With a pre-formed action plan, your homeschooling convention can be a positive and enlightening experience. I left feeling so encouraged, motivated, and excited for the possibilities this school year holds. I realize how precious Kindergarten is, and I can’t wait to start this year with my boys! I hope this list helps you feel less overwhelmed when you attend your next convention. Let me know if it helps! 🙂

Blessings,

Kat@MommyPonders

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Devotional Time for Little Ones

I’m not an affiliate or associated in anyway with the books mentioned in this post. Just a mom who loves hearing reviews from other moms, and helping people find great resources for their families.

Image Buggy got some Christmas money and I let him get a few toys and fun things with it, but I also set a little bit aside because I really wanted to find some kind of devotional for him that we could study together. We LOVE the Jesus Storybook Bible, but we’ve read through that about a dozen times cover to cover, and I was wanting something fresh to really study positive character building concepts as well as Scripture.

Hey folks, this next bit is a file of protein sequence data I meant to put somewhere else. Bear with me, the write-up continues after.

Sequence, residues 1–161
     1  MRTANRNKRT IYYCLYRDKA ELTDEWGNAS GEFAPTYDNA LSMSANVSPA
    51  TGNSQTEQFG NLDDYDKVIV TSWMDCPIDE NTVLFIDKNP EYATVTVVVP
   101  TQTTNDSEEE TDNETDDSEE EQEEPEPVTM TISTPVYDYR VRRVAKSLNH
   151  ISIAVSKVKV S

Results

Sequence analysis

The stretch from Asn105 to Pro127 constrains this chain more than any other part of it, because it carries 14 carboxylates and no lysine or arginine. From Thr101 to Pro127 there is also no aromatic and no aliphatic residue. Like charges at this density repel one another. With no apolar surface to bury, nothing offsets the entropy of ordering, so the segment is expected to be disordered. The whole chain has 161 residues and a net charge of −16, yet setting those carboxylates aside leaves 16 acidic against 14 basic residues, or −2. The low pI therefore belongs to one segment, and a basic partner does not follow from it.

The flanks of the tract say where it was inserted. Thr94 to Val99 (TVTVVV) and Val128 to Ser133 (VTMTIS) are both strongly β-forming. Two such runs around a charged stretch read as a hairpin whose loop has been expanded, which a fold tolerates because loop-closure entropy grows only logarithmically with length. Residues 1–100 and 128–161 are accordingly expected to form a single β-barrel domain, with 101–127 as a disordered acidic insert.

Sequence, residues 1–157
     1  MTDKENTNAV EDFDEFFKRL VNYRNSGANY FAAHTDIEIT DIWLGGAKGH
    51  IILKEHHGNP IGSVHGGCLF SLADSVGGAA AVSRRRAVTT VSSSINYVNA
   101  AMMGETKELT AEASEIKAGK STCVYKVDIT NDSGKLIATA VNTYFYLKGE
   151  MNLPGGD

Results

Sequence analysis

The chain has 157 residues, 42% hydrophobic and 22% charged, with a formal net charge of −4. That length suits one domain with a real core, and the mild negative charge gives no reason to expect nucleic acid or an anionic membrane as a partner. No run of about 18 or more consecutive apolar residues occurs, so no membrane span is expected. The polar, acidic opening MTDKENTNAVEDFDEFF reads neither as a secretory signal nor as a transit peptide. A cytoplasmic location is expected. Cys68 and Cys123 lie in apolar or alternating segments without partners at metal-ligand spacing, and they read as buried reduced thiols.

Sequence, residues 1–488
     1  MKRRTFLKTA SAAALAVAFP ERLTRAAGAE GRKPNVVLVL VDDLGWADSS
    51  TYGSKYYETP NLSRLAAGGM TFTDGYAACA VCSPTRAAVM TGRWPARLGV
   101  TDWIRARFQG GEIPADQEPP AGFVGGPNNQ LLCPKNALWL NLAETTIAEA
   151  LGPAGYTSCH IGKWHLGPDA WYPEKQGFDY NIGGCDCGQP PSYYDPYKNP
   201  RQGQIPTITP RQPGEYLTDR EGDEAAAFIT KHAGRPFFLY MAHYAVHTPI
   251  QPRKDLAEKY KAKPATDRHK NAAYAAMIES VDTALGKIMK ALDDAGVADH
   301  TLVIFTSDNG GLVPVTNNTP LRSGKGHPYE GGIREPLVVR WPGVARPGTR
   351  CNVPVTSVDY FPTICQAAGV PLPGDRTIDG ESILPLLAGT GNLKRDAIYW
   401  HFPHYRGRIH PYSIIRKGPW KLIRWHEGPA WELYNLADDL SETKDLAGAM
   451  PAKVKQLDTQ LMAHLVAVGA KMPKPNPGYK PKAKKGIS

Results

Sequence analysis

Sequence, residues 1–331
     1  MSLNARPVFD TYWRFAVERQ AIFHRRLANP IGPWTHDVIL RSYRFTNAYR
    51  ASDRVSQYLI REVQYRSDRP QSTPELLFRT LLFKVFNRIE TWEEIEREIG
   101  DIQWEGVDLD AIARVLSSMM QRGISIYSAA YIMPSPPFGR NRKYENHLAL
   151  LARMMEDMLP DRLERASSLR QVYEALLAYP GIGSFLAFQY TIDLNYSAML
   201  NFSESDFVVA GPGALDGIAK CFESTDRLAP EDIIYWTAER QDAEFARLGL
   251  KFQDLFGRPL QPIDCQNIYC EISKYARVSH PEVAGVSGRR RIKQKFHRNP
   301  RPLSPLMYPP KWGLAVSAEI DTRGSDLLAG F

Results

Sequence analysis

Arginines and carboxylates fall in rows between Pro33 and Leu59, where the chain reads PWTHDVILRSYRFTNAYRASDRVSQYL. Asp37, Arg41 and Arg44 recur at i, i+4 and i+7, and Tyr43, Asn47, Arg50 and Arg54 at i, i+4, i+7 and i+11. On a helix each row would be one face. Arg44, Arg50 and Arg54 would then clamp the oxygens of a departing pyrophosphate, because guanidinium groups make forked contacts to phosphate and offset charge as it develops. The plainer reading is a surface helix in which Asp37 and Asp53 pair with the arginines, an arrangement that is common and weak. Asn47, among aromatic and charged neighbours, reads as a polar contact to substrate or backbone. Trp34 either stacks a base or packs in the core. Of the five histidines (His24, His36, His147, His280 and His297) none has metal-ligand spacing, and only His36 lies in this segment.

I always recommend the Jesus Storybook Bible for parents wanting to introduce their children to the concept of a Savior and lay the groundwork for their knowledge of the stories of the Bible and who Jesus actually is. It’s a perfect resource for that.

However, I have discovered a new book that works wonderfully for teaching basic life lessons, such as sharing, helping, reading your Bible, being polite, having fun, resting, etc. The One Year Devotional for Preschoolers was exactly what I was looking for. The lessons are super short {just one page each}, with beautiful and engaging illustrations. They ask questions that spark important conversations with my kiddos, and then tie it into a memory verse from the Bible. Each lesson also ends with a two line rhyming prayer, which Buggy loves. He’ll repeat it like a little song until he has it memorized.

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2014 Resolutions